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Coming into Focus: Profits Down for CHEP Americas in First Half
It suffered the largest drop in profitability compared to other units of parent company Brambles.

By Staff
Date Posted: 4/5/2019

Profits for CHEP Americas were down for the first half of the current fiscal year. It suffered the largest drop in profitability compared to other units of parent company Brambles.

However, CHEP Americas is projected to post improved financial results beyond the current fiscal year, according to Morningstar, a leading provider of independent investment research.

Despite higher prices, underlying operating profit fell 11% compared to the first half of the previous fiscal year; profit margin declined from 17.3% to 14.7%.

The reason for the decline: inflation of costs for transportation and lumber.

Brambles CEO Graham Chipchase noted that changes by retailers have driven cost increases, notably in transportation. Some retailers are now requiring CHEP to retrieve its pallets, and some want to charge for sorting CHEP pallets — shifting costs back to CHEP.

Morningstar now projects margins to fall to 14% in fiscal 2019, down from its earlier forecast of 16%.

There are some bright spots, though. The unit increased volume 2% for the period. In addition, Morningstar predicted better cost pass-throughs on new contracts, investments in automation in the U.S., and customer-led investments in Canada to a different platform. The improvements are expected to drive better profitability beyond the current fiscal year, and Morningstar predicted a margin of 20% by fiscal year 2022.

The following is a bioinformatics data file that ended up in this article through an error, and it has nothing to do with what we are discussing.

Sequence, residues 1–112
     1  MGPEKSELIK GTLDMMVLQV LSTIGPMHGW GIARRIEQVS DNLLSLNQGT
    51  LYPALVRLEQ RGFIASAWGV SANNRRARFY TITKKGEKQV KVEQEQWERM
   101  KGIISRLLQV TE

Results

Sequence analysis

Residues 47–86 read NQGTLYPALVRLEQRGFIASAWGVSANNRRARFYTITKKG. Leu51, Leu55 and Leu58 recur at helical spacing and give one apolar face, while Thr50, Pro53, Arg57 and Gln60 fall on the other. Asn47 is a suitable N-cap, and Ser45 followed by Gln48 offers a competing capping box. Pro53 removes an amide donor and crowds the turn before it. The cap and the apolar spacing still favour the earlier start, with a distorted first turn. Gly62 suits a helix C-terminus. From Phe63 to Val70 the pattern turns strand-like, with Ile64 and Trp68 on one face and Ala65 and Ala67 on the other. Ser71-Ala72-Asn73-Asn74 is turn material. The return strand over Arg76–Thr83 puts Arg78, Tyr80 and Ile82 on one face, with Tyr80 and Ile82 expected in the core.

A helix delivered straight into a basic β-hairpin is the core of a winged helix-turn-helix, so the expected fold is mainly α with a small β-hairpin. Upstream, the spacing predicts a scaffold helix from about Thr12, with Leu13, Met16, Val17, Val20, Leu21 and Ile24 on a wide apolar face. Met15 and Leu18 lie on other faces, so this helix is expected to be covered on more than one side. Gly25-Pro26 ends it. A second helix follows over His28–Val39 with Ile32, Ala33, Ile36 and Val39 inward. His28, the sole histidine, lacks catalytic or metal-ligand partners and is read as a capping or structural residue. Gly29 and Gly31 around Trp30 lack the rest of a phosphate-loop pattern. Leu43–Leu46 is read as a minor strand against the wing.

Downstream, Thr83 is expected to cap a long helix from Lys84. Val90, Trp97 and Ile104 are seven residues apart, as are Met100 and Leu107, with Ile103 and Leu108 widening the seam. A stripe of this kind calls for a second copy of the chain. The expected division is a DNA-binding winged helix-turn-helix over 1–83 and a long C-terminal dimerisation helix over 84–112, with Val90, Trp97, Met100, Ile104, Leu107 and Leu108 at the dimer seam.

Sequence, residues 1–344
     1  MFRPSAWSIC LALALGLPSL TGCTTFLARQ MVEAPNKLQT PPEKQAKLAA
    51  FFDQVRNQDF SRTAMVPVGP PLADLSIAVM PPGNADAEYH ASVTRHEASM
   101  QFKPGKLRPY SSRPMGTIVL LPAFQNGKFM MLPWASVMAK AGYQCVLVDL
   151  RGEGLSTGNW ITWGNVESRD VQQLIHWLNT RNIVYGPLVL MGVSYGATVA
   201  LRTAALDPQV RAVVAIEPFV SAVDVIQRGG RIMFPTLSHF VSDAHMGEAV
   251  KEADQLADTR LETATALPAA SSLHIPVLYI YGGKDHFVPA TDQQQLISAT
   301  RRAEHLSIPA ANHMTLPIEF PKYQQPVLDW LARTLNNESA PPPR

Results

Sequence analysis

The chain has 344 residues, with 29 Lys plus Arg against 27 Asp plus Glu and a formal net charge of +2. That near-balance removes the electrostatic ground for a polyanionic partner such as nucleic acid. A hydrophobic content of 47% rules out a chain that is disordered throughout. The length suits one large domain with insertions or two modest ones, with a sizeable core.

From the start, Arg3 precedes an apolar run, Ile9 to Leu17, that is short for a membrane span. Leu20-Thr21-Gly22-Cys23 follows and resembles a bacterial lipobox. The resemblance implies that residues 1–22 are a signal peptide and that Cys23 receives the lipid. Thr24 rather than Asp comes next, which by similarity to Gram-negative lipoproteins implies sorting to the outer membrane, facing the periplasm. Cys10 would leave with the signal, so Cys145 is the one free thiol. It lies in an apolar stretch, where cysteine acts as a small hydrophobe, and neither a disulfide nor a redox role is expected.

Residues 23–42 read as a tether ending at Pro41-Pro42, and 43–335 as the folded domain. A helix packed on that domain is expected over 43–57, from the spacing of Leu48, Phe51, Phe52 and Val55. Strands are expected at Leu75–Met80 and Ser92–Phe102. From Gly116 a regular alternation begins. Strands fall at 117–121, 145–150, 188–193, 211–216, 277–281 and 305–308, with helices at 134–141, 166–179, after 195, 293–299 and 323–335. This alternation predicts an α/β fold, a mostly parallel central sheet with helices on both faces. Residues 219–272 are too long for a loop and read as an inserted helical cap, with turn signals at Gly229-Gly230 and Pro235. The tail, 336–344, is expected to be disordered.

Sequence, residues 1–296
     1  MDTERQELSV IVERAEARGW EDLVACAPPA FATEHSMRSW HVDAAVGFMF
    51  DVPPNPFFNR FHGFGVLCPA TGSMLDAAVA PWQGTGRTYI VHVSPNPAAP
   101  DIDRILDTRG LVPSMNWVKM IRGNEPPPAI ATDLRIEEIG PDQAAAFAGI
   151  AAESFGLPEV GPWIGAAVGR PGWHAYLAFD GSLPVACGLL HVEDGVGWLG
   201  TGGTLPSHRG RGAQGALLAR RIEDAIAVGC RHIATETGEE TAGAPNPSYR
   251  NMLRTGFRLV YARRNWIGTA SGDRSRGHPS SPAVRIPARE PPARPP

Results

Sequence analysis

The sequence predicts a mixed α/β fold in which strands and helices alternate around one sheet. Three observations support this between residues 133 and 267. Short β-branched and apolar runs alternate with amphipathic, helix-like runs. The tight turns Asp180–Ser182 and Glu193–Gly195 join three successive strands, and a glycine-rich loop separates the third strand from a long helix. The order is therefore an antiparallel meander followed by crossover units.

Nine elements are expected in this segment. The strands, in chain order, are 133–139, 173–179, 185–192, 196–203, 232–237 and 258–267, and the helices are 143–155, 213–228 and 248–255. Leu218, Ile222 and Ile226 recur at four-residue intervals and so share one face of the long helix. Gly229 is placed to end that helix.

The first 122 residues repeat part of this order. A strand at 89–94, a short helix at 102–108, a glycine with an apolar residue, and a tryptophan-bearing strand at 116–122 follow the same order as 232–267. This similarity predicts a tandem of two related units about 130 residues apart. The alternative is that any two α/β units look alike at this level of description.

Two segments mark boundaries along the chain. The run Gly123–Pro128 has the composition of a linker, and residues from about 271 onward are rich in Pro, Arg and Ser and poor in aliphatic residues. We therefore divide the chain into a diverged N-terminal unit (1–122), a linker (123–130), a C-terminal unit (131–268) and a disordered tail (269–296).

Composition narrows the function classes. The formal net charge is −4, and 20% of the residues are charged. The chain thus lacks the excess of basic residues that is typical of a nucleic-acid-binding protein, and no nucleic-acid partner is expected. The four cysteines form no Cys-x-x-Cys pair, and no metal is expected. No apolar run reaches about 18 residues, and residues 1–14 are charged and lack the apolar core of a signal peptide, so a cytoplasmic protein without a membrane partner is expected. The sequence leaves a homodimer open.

CHEP’s revenue from U.S. pallet operations was up 5% for the first half of the current fiscal year. It’s not being fueled by more business, though. It got a boost because of surcharges to customers for transportation and lumber costs.

“In response to sustained levels of elevated cost inflation in most major markets,” said Chipchase, “our businesses implemented surcharges and exercised contractual indexation clauses to offset three-quarters of the inflationary cost increases experienced during the period. Our teams continue to focus on aligning contractual terms and pricing with the prevailing cost-to-serve in each region.”

To help offset those inflationary pressures, Brambles has focused on identifying areas to trim operational costs and improve efficiency. In the U.S., CHEP has completed automation projects at 10 pallet repair depots. It is also exploring a variety of automation technologies, such as robotics and advanced pallet scanning systems; CHEP plans to invest $150-160 million through fiscal year 2021 to automate over 50 plants in the U.S.

New business growth was only 1% for the period, and it was 2% and 1% in fiscal years 2018 and 2017, respectively. That’s compared to new business growth of 3% in FY 2015 and 4% in FY 2016.

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Inflation Costs of Lumber & Transportation Fuel Decline